“Well sometimes,” she said.  “Some people call a truce.”

“And some people just try to ignore things and pretend they are better than they were.”

“Like you?” she asked.  The lid to the pizza box snapped loudly shut; it echoed a bit around the hall, which had quality acoustics.  The suits really did research this stuff.

“Like you,” he spat back.

“Really?  You’re going to say that.”

“Yeah.  I am.  Just think about those songs.” His bravado faltered.  Some conversations were better never started.  “Never mind.”

“What songs?” she asked.

Her voice seemed softer to him. So he inhaled.  “You know, the first album, those songs.  About us.”

“Us?” she asked.

“Yeah, us,” he said.  “Not that you’d ever admit it in an interview. But you know, you wrote those right after all that shit.  And then you just pretended like it didn’t fucking matter and all this happened.”

“You say that like it’s a bad thing.”

“It is a bad thing.”

“What? All this?”
“No the shit before all of this.  The stuff between us.”

“That,” she said, “was inevitable. Waitress from One Twenty or no.”

“Wilshire Boulevard,” he said.

“Oh, Wilshire Boulevard.  So now you confess?”

“No, it wasn’t like that.”

“Why?”

He tried to be still.  Tried not to fucking say it, but she could do that to him, make him say anything.  “She said no. Said she knew your fucking sister and that there was a code of honor among girls.”

Lynn laughed so hard she almost slipped forward out of the plastic chair.  Despite the acoustics, they clearly didn’t believe in upholstery in this palace.  “Nice.  You were shot down.  Good. But still inevitable.”

“What the fuck?” he said.

“We were kids,” she said.  “It was time.”

“You didn’t make it sound that way; you made it sound like I ripped your heart out and used it to wipe up the mats in my truck, Lynn.”

“Those songs weren’t about you,” she said.  “Not all the way anyway.  They were, I dunno know, bigger than that.  I liked you and all, but please.”

“What about the crying and the locking yourself away?  What were those theatrics about?”

“Sal, I was eighteen, what the fuck do you expect?”  With that she stood up and flounced away from him down the aisle and toward the door.  When she got to the door, she turned and blew him a kiss.  The red of her lipstick left a mark on her hand. As she passed through the doorframe, she pressed her palm on the wide white woodwork of the door frame, leaving a perfect lip print there.

Something like anger rose up in him.  He left the mother fucking pizza box there.  Let the suits charge them more for the rental.  It was only numbers on a print out anyway.  He left the palace through the front door.  He stalked up the main street lined with businesses that didn’t seem to do much in the way of business any more until he found the bar.  The door swung open to the dark shell of the place, the smell of beer and cardboard hitting him along with the sounds of Tim McGraw on the stereo.  Country frigging music, he thought, ironic.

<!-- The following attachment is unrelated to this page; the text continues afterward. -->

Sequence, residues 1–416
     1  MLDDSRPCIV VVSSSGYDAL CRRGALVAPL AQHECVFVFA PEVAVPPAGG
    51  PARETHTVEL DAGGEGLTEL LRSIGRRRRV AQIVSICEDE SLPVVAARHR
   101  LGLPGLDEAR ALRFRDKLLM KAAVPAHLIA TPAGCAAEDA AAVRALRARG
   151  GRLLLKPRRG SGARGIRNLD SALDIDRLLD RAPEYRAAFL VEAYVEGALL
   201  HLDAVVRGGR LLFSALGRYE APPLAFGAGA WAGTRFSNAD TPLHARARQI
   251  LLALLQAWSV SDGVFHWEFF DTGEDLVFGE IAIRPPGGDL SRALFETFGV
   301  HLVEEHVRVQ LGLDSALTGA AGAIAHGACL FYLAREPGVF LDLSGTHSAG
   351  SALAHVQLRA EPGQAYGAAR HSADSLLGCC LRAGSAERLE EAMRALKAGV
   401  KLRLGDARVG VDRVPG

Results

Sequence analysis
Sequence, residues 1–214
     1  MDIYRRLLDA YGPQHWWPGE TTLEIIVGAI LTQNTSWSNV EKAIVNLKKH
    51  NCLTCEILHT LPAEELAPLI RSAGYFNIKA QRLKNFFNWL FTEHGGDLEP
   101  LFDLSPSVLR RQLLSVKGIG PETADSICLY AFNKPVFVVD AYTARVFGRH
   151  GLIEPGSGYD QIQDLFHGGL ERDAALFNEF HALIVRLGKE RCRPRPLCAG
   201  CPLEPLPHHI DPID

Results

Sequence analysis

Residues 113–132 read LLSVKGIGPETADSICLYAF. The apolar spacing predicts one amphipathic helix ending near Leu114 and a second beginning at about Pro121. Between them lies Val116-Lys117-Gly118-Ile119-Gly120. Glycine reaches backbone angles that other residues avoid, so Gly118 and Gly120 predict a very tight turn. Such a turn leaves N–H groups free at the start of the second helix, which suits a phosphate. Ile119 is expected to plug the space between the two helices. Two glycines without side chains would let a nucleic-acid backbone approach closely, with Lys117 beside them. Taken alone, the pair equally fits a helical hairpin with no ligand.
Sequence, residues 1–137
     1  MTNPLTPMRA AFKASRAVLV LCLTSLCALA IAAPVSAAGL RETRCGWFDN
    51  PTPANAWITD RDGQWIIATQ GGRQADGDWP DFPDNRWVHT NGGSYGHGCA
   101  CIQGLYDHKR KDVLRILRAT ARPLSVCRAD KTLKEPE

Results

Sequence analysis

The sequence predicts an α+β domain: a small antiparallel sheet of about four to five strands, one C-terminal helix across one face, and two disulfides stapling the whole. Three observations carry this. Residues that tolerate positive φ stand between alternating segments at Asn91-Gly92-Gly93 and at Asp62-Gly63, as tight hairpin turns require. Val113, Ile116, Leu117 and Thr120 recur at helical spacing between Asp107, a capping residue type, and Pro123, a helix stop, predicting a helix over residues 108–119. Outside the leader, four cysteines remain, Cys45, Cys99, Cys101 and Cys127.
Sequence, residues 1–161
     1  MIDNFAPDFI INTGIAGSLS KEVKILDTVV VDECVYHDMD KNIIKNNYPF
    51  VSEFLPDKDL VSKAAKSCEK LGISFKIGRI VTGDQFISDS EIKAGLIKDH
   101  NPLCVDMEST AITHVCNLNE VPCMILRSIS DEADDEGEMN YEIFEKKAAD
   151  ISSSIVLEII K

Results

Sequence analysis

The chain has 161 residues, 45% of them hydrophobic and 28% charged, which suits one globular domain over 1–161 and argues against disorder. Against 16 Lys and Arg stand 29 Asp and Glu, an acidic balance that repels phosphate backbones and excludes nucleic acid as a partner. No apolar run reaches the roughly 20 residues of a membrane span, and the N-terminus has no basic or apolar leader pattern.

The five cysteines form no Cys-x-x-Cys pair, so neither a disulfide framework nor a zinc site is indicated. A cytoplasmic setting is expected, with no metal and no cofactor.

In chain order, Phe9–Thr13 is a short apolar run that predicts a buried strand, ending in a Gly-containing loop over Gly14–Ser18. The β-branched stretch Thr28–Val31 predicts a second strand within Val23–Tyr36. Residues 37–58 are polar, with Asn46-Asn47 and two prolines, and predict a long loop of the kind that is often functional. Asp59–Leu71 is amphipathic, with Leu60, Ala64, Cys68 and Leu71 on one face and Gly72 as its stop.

He ordered a beer and sat there awhile staring at it.  He didn’t really like beer.  He didn’t really like bars.  He didn’t really like her.  And he knew that last part wasn’t true.  “Not true,” he said aloud.

The bartender wiped his rag across the counter, moving up slowly towards him. “What’s that?” he said, cocking his head to one side.  “I’m hard of hearing.”

Great, Sal thought.  But words filled his mouth anyway.  He hadn’t even drunk the beer, and he still couldn’t stop himself.

“Do you know the band Free Fall?” he asked. Then he asked again, only louder.  The bartender didn’t know, so he told him the whole story from the beginning, starting at the piano and working his way to today, finally putting an end to twelve years of fucked-up guilt because of an eighteen year old girl’s theatrics that oh, by the way, didn’t mean anything at all.

The bartender nodded and then drew back from the bar.  “Well,” he said, “would you really have wanted it any other way?”

He thought back to that crappy, pot smelling house.  It had a nice garden outside, and before the shit with the waitress and the crying and the pop-rock anthems, she and he sat there, guitars in hand, playing some games, racing each other through different chord progressions.  She smiled and tilted her head concentrating on the song she plucked out, one he wrote.  The sun caught the shimmer of her delicate pink mouth that matched the roses that grew along the fence beside her.  He could see her there so clearly in his mind.  So much clearer than the person he just argued with at the hall.

Sal looked down at his Rolex to check the time; it was one of two he owned, both the same only one was real and the other a copy.  One night after a little too much, he set the two watches next to each other on the nightstand.  In the morning, he couldn’t remember which was which, the real or the fake.  Both worked just as well.  Only one of them cost him a whole lot more.

* “R” quotation: Article 19 of The Universal Declaration of Human Rights, 1948.

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William Morrow published Brandy Megan Granett’s first novel, My Intended, in Spring 2000; her short fiction appeared in Pebble Creek Review, Folio, Pleiades, The Literary Review and several other literary magazines under her maiden name, Scollins-Mantha. She writes a blog for the Huffington Post.

She earned a Ph.D. in Creative Writing at Aberystwyth University and holds an mfa in Fiction from Sarah Lawrence College and a Masters in Adult Education with an emphasis on Distance Education from Penn State University. She is an online English professor for a variety of colleges. When she is not writing or teaching or mothering, she is honing her archery skills.